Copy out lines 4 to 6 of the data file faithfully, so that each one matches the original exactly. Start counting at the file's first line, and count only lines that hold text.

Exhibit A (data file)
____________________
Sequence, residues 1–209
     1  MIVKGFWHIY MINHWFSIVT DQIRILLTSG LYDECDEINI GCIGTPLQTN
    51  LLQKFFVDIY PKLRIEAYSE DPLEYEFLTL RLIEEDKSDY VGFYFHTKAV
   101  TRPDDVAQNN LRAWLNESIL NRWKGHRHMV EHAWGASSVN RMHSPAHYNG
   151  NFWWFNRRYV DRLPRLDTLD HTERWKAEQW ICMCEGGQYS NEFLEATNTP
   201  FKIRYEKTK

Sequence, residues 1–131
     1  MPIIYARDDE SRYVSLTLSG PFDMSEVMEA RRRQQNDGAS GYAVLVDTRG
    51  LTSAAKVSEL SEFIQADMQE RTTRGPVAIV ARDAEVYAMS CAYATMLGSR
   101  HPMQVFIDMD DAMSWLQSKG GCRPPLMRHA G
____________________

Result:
   101  TRPDDVAQNN LRAWLNESIL NRWKGHRHMV EHAWGASSVN RMHSPAHYNG
   151  NFWWFNRRYV DRLPRLDTLD HTERWKAEQW ICMCEGGQYS NEFLEATNTP
   201  FKIRYEKTK